Zbigniew Herbert
Back to Table of Contents >

Zbigniew Herbert’s life has been veiled by the poet’s own reticence, his classical detachment. He has also provided often conflicting, if not openly mystifying, versions of his biography. The highly selective ‘official’ narratives of his life correspond with the role he assumed and enjoyed playing – that of the cicerone in the age of moral chaos, the moral conscience, the nation’s spokesman, the witness to history. If you traffic, as he did, in the biggest names, with Roland and Gilgamesh, if your partners are Hamlet and Plutarch, how can you address matters so trivial as your secret love affairs? Or your struggle with alcoholism and deepening depression? Or a family history which includes a collaborator eliminated by the Polish resistance? I know, these three areas of private life cannot be compared, or perhaps should not even be put side by side. They are of different calibre. And yet they share one thing: Herbert’s unwillingness to address them in his poetry or public pronouncements. But what is silenced, inevitably reemerges, and when it does, becomes disproportionately foregrounded, drawing greater attention than it actually deserves.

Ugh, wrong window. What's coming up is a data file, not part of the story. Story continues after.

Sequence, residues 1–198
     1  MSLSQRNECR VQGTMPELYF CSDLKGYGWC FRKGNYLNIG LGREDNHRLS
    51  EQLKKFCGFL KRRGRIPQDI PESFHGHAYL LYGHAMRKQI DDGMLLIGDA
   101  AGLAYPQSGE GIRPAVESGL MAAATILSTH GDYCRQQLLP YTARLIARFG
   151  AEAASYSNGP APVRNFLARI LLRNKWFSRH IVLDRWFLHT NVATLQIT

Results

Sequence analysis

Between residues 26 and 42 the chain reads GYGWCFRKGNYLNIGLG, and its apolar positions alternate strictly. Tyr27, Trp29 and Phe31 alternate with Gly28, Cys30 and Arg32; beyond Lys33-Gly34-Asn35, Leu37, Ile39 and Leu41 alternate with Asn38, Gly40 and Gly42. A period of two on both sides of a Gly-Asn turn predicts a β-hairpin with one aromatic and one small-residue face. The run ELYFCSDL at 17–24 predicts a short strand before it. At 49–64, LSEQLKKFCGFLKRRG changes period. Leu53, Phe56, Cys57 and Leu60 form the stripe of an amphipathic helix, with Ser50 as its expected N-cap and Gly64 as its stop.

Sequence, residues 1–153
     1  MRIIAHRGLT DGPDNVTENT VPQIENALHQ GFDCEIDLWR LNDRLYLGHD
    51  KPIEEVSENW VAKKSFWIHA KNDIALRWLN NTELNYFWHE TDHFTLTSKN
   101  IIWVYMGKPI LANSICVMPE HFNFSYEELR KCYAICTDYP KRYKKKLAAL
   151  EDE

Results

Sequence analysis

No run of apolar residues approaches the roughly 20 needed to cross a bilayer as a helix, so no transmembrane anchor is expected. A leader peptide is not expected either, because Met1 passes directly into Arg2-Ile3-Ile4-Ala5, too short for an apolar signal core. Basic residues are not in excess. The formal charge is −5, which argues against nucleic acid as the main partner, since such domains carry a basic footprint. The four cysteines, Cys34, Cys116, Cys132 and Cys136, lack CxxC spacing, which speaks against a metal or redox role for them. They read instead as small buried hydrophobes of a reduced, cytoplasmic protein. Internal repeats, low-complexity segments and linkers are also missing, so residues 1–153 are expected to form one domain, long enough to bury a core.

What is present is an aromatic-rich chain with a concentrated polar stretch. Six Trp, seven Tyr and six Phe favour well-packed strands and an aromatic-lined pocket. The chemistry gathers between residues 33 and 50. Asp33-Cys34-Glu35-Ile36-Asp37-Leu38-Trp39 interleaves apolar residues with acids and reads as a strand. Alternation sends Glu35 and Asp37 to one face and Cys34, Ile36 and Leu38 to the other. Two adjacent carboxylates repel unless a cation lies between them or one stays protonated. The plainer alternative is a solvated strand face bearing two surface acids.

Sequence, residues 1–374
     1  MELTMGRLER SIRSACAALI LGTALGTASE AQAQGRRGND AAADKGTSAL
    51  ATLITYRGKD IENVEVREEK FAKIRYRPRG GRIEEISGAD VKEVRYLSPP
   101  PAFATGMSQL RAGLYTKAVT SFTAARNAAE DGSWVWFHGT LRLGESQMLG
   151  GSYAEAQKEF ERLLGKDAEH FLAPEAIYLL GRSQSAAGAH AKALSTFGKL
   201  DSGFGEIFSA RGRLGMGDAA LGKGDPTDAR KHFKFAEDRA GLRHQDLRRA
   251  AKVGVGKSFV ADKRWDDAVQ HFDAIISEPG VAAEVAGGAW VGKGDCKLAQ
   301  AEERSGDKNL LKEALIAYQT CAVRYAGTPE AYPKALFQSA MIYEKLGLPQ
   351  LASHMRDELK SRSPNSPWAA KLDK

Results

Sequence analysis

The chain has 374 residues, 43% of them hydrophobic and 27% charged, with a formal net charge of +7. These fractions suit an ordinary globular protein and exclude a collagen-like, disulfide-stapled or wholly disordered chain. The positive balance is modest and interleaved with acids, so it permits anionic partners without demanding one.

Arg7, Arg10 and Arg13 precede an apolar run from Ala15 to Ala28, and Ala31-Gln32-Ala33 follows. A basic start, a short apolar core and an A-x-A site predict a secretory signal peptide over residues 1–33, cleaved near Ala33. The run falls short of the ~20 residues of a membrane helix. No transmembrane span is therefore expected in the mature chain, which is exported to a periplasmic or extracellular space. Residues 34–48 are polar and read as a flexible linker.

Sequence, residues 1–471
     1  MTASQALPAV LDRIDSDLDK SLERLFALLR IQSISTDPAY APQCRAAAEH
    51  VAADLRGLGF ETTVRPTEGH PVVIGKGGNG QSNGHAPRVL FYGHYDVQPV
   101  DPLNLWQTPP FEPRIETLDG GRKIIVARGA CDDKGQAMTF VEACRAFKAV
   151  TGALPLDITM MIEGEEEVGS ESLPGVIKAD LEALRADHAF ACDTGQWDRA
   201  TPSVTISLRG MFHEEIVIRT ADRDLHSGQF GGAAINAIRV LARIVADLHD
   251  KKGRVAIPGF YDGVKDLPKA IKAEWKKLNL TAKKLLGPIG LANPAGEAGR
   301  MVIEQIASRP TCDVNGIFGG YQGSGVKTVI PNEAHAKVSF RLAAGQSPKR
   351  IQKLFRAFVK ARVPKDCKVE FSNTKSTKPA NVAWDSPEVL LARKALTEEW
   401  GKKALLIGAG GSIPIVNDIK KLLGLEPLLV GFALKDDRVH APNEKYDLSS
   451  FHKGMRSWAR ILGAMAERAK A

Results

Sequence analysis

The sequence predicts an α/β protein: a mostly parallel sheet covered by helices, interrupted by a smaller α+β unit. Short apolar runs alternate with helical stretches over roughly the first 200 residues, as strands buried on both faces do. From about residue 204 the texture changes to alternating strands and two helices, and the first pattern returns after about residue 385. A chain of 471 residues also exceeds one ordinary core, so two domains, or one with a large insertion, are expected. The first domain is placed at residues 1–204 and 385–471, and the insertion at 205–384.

It was to be expected that, after the poet’s death in July 1998, biographies would dig into the poet’s private life, bringing to light sensational personal material. And indeed, sensation marked Joanna Siedlecka’s Pan od poezji (The Poetry Teacher, 2002, second edition 2019), and Andrzej Franaszek’s Herbert, the recently published monumental work. Both biographers, though differing in their approach to the subject, deal extensively with the poet’s strictly guarded private life, providing us with much hitherto unknown information, specifically on the three above-mentioned areas: his war years, love affairs, and mental condition. Even if some of their discoveries create primarily voyeuristic excitement, the biographers have good reasons to uncover Herbert’s hidden history. One of them is the poet’s emotional detachment so characteristic of his poetry. Many of his friends recall their disenchantment when they first read Herbert’s poems and found them ‘cold’. It is debatable whether Herbert’s poems are all, or even mostly, ‘cold’. Yet this is how they were often perceived by those who knew Herbert personally. Among his poems, at least the canonical ones, love lyrics are exceptions, as if this theme, without which poetry is simply unthinkable, lay beyond the poet’s horizon. Perhaps he carefully avoided it, just as he remained silent (up till his last collection) about his native city of Lvov, which he had to leave in 1944, as a twenty-year old man, never visiting it afterwards. If Lvov was his love, his loves were his Lvovs – always present, but hardly commented upon.